Every day, 88 soldiers stand ready to aim their guns at me and kill any vestige of self-satisfaction I might have. They march me mercilessly through their boot camp, make me scale walls and wriggle under fences, jump from rock to rock in churning waters. If I drift into dream, they shout in my face. If I don’t bring dream into exercise, they whisper threats in my ear. It’s an integrated black and white army and the soldiers come from both sides of the tracks, training in ghettos and palaces, ramshackle churches and soaring cathedrals. If I manage to make it through a drill without a scratch, get a perfect score in the obstacle course, there’s no guarantee that the next time I won’t be thrown to the ground, dispirited and discouraged. But it’s the war I signed up for and there is great glory in doing battle with this 88-soldier troupe known as (did you guess it?)— the piano.
Anyone reading this month’s blogs must have noticed my discrete (as much as I’m capable of being discrete!) references to another kind of struggle, drawn into the vortex of small skirmishes that diminish any sense of honor or dignity. I’ve been thrown to the ground by fear, ignorance, mean-spiritedness, narrowmindedness, and all my attempts to engage only bring more shame and pettiness and draw me deeper into the downward spiral, None of it needed to happen, none of it should have happened by my moral compass of what is just and true and right, but that’s the world we all must inhabit by virtue of sharing the planet. Had I been higher on the Sainthood or Bodhisattva scale, I could have absorbed it and paid it the scant attention it deserved. I think of the Zen story of a monk who was accused of fathering a child and mandated to raise him. He responded “Is that so?” and accepted the child. A year later, they discovered he indeed wasn’t the father and took the child away. He responded again, “Is that so?” and went on with his life. Well, sounds good in a Zen book, but who amongst us is so calmly detached? I ended up spending so much time paying out to Caesar that God got left behind in the background. That was my failure.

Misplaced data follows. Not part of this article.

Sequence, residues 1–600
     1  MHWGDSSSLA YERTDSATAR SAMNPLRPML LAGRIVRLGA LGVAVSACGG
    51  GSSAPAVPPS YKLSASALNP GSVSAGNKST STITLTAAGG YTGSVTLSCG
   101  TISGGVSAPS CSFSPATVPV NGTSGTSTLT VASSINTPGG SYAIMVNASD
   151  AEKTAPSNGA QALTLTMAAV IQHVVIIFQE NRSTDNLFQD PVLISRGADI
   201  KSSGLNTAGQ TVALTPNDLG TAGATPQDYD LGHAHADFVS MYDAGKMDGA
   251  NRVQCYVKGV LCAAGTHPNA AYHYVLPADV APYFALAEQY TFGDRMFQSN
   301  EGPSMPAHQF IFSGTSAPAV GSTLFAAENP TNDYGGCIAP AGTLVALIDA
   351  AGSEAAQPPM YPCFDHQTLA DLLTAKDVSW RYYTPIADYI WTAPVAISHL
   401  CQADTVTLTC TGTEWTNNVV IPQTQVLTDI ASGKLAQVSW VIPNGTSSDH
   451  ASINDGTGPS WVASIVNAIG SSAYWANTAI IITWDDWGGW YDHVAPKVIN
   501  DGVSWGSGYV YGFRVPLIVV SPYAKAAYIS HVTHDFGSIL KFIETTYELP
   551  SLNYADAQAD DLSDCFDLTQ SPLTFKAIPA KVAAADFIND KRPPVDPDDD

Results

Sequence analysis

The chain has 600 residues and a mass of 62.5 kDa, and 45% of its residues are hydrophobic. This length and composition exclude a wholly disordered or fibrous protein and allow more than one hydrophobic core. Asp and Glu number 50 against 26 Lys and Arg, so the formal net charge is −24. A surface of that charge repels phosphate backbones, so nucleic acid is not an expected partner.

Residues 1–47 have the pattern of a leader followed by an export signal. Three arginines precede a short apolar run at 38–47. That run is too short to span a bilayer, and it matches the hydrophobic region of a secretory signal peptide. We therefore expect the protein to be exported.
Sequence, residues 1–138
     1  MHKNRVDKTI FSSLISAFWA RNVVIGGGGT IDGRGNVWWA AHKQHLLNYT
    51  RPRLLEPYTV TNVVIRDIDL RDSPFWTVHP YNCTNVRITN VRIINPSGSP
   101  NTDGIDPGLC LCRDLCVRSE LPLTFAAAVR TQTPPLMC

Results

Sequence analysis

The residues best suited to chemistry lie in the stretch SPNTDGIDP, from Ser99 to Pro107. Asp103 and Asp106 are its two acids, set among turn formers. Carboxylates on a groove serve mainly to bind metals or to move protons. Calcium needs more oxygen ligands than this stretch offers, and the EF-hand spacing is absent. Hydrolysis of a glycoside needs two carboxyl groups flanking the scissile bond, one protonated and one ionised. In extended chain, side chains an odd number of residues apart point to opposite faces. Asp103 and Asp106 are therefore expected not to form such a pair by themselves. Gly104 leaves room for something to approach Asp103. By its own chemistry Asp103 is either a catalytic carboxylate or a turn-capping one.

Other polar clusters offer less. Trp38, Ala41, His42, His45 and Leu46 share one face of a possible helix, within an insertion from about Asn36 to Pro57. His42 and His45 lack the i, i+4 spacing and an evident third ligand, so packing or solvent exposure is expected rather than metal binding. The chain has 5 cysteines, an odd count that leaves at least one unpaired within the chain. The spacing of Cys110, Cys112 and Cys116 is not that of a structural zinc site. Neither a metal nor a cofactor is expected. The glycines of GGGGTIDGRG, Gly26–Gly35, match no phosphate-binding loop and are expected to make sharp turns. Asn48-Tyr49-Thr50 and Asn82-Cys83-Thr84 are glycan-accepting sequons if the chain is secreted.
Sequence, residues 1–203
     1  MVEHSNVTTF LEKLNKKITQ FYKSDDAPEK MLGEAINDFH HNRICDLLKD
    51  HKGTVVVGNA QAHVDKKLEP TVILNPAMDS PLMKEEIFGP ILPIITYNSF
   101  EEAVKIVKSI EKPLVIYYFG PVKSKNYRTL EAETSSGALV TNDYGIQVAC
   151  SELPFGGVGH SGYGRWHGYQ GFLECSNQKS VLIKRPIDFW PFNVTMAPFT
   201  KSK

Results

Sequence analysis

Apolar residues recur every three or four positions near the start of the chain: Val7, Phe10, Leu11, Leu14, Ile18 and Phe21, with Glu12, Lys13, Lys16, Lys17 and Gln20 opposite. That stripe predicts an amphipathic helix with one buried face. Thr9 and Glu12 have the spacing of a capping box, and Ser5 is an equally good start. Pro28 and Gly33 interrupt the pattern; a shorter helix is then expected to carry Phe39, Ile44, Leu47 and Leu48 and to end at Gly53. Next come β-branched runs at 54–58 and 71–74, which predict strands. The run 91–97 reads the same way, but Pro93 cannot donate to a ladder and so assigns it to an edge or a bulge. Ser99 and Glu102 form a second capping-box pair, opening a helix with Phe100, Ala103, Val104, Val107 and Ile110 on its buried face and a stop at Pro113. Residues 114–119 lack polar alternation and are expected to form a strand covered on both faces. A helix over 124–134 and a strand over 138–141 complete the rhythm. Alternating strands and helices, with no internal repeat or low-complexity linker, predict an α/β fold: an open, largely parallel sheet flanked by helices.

The poet Rilke wrote the most extraordinary anthem of choosing worthy battles in a poem called The Man Watching (this translation by Robert Bly), admonishing us to disengage from trying to win the petty ones.
“What we choose to fight is so tiny!
What fights with us is so great!…
When we win, it’s with small things
And the triumph itself makes us small.
What is extraordinary and eternal does not want to be bent by us.
I mean the Angel who appeared to the wrestlers of the Old Testament:
When the wrestlers’ sinews grew long like metal strings,
He felt them under his fingers like chords of deep music.
Whoever was beaten by this Angel (who often simply declined the fight)
Went away proud and strengthened and great from that harsh hand,
That kneaded him as if to change his shape.
Winning does not tempt that man.
This is how he grows: by being defeated, decisively,
By constantly greater beings.”
So yesterday, I turned back to the worthy opponents of those 88 keys and did glorious battle with Fauré, Scriabin, Mendelsohn, Monk, Billy Strayhorn and others. I felt those deep chords of music under my fingers, patiently got up again when thrown to the ground, endured a string of defeats, won a few minor victories and stood up thoroughly kneaded and changed—taller, stronger, larger and ready to enter the fray again the next day. Which is here now. Charge!!